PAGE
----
Subscribe to Indiana Lawyer
  1. Perhaps the lady chief justice, or lady appellate court chief judge, or one of the many female federal court judges in Ind could lead this discussion of gender disparity? THINK WITH ME .... any real examples of race or gender bias reported on this ezine? But think about ADA cases ... hmmmm ... could it be that the ISC actually needs to tighten its ADA function instead? Let's ask me or Attorney Straw. And how about religion? Remember it, it used to be right up there with race, and actually more protected than gender. Used to be. Patrick J Buchanan observes: " After World War II, our judicial dictatorship began a purge of public manifestations of the “Christian nation” Harry Truman said we were. In 2009, Barack Obama retorted, “We do not consider ourselves to be a Christian nation.” Secularism had been enthroned as our established religion, with only the most feeble of protests." http://www.wnd.com/2017/02/is-secession-a-solution-to-cultural-war/#q3yVdhxDVMMxiCmy.99 I could link to any of my supreme court filings here, but have done that more than enough. My case is an exclamation mark on what PJB writes. BUT not in ISC, where the progressives obsess on race and gender .... despite a lack of predicate acts in the past decade. Interested in reading more on this subject? Search for "Florida" on this ezine.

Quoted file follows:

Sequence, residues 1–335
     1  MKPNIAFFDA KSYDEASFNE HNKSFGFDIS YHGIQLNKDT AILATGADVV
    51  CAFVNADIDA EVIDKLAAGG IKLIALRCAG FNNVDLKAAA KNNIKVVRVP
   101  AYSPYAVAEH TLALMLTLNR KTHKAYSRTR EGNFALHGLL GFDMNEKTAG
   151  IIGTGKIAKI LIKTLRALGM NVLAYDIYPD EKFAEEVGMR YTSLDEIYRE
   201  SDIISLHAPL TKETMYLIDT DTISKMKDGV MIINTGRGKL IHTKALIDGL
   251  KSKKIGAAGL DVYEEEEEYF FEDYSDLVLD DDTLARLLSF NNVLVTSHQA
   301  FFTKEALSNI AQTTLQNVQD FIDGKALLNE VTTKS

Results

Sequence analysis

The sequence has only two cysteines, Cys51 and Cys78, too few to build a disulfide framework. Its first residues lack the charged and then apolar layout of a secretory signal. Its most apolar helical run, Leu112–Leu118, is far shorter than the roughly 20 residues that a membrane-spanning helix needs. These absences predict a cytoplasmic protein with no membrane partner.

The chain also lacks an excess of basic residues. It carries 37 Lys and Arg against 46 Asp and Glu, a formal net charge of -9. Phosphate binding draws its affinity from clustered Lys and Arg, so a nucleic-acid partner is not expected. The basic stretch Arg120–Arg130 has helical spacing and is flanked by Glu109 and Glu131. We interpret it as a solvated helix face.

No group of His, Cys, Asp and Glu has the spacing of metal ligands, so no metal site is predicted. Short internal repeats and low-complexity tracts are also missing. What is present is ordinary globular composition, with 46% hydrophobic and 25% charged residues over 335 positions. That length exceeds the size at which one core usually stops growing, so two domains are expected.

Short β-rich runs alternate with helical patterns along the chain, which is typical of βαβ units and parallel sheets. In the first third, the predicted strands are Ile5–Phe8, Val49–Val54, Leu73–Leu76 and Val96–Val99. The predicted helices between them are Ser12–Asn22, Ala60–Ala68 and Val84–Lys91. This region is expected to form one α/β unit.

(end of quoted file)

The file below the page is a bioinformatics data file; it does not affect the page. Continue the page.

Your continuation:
2. Great questions to six jurists. The legislature should open a probe to investigate possible government corruption. Cj rush has shown courage as has justice Steven David. Who stands with them?

  3. The is an unsigned editorial masquerading as a news story. Almost everyone quoted was biased in favor of letting all illegal immigrants remain in the U.S. (Ignoring that Obama deported 3.5 million in 8 years). For some reason Obama enforcing part of the immigration laws was O.K. but Trump enforcing additional parts is terrible. I have listed to press conferences and explanations of the Homeland Security memos and I gather from them that less than 1 million will be targeted for deportation, the "dreamers" will be left alone and illegals arriving in the last two years -- especially those arriving very recently -- will be subject to deportation but after the criminals. This will not substantially affect the GDP negatively, especially as it will take place over a number of years. I personally think this is a rational approach to the illegal immigration problem. It may cause Congress to finally pass new immigration laws rationalizing the whole immigration situation.

  4. Mr. Straw, I hope you prevail in the fight. Please show us fellow American's that there is a way to fight the corrupted justice system and make them an example that you and others will not be treated unfairly. I hope you the best and good luck....

  5. @ President Snow - Nah, why try to fix something that ain't broken??? You do make an excellent point. I am sure some Mickey or Minnie Mouse will take Ruckers seat, I wonder how his retirement planning is coming along???

ADVERTISEMENT